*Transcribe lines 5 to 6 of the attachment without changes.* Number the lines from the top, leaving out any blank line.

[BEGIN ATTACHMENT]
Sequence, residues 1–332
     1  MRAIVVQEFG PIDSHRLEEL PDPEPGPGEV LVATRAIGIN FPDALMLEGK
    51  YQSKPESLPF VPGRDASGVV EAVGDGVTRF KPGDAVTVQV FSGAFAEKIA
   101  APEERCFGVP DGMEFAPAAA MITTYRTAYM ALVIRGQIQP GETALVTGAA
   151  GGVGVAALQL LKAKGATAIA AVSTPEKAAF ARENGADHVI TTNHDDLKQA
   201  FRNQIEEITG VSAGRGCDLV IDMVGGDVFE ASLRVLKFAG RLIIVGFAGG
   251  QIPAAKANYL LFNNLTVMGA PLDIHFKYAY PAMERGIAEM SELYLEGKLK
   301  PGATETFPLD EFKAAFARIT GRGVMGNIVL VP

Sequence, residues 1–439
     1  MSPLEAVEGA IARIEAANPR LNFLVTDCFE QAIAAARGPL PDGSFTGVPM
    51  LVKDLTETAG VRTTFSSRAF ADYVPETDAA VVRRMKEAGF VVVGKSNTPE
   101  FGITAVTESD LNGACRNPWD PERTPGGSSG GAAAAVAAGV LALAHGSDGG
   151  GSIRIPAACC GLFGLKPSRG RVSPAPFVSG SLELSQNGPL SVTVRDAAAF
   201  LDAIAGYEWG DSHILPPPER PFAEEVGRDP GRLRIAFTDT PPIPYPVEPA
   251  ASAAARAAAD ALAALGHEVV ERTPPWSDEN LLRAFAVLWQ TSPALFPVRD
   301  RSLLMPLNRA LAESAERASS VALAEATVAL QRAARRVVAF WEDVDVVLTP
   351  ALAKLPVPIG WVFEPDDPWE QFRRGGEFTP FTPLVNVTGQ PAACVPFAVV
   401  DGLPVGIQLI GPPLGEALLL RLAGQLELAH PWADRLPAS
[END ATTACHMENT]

   151  GGVGVAALQL LKAKGATAIA AVSTPEKAAF ARENGADHVI TTNHDDLKQA
   201  FRNQIEEITG VSAGRGCDLV IDMVGGDVFE ASLRVLKFAG RLIIVGFAGG